“Our program is to give hope to people on the edge of despair. Our fliers and website give the contact numbers for our members so people can reach them directly and personally. We meet every Tuesday on Zoom to go over requests, specifically where large donations are required. Every request is taken and followed up via a form, and a direct contact by a volunteer.”

Brecht adds that volunteers stay in touch with families that they serve and regularly monitor their needs.

“The beauty of what we do is, we are ministering to the spirit, as well as the physical needs. I especially love seeing lay people ministering to those in need. Everyone is a minister. Every contribution is valued. No gift is too small. There’s so many that deserve credit for this outpouring of love for others, I wouldn’t know where to begin. We are an every-person deserves credit operation.

“One of the most moving things to me, is the fact that people turned over their stimulus checks to us. They probably needed the money also, but chose to give it to us to help others,” Brecht confided.

Prior to COVID-19, donations collected from Christmas, Thanksgiving and Easter Services adequately met the budgetary needs of the association. This, along with additional private donations provided for the $5,000 charity coffer. When the pandemic hit, the demands grew. Today the group relies on individual gifts, and contributions from local businesses to fund its significant pandemic-related budget.

“The money,” according to Vice President Johnson “has seemed to meet the need, until recently. Borregans have been very generous during this crisis. However, as time wears on, and the economic fallout continues for so many of our neighbors, we are seeing a drop in the contributions, and fear many of our seasonal contributors are leaving town; and may not realize the need is as urgent as before.

“Our services are still in demand, and the relief that many are feeling doesn’t extend to those, who still have not regained employment, or are deep in debt.“

In addition to a $10,000 grant from the Borrego Valley Endowment Fund, the BMA has received large donations of $5,000 from local businesses, such as Rams Hill and La Casa del Zorro.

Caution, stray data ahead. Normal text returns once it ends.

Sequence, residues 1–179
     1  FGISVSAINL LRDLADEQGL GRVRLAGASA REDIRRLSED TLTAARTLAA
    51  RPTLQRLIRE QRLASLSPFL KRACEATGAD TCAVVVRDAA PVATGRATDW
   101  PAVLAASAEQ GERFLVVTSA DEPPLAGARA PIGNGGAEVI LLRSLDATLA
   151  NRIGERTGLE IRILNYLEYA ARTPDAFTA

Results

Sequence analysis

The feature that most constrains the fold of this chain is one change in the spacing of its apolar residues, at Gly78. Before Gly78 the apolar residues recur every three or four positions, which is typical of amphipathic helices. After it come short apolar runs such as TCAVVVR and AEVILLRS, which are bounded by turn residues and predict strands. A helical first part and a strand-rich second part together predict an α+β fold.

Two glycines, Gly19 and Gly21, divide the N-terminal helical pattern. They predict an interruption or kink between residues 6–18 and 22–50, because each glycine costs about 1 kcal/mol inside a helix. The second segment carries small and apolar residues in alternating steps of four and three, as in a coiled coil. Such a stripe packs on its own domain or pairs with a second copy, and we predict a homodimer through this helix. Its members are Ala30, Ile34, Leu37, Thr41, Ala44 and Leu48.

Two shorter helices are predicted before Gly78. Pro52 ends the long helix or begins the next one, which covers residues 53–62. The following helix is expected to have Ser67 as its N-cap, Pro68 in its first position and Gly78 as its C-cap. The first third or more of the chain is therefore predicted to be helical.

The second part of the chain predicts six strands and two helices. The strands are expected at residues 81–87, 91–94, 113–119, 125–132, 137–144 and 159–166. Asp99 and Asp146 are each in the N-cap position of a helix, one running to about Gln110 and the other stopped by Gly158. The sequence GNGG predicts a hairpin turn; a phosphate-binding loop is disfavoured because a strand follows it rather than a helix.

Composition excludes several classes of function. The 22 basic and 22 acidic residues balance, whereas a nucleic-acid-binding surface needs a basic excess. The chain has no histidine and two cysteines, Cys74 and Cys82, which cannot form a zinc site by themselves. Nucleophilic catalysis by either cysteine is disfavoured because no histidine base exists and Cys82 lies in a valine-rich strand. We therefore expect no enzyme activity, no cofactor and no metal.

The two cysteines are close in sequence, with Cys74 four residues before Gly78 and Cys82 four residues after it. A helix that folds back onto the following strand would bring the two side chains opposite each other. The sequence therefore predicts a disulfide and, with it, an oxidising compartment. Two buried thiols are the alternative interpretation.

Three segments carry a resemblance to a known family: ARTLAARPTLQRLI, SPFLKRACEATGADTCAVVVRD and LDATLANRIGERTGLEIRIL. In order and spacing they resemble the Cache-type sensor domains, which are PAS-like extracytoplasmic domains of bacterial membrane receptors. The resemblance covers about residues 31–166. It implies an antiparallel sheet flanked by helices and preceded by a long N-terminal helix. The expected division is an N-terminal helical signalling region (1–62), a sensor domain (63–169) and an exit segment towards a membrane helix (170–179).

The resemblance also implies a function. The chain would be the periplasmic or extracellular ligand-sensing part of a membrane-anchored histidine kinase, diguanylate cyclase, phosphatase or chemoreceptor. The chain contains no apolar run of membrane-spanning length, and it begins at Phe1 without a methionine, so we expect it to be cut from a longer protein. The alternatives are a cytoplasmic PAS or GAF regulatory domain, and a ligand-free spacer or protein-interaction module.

For many who volunteer, like Shirley Vialpando, the benefits go both ways.

Shirley Vialpando has been an active volunteer for St. Barnabas Episcopal for the past 17 years and was asked to take over Spanish translation duties in the campaign to help neighbors seriously impacted by the COVID virus.

“My acceptance of that request has turned out to be a wonderful blessing in my life for the past year. I have reached the age of 84 this year and find that it gets more and more difficult to leave my house other than to be taken to the medical clinic.

“Working on behalf of the BMA, and attending the weekly meetings on Zoom has been for me a treasured way of socializing with a dedicated group of people who not only ‘“talk the talk,’” she explained, adding, “In addition, I’ve had the pleasure of seeing just how caring and generous are the people of Borrego. Our work would be impossible without them and we thank God for them at every meeting.”

Diane Johnson, the consummate Borrego volunteer, who wears many organizational hats, joined the Rotary Club in 2003, but jumped into volunteering full time in 2010.

Why volunteer?

“I volunteer because I guess I’m wired to like to help people. I was a reference librarian for years, and some people consider that a form of social work. I’ve heard it said – and there’s even a good deal of research on this – that when you help someone else, it makes you feel good too. Endorphins, the ‘“helper’s high.”’

“On a more personal note, Borrego is small enough that it seems possible to get a pretty decent idea of the whole community’s needs. Then, since we have so many different groups doing different kinds of good work, you have to figure out which organizations you want to get involved in. And then try to keep that at a manageable number. But you meet so many kind, smart, quirky people along the way that the work is often fun (except when a bunch of deadlines hit all at once).”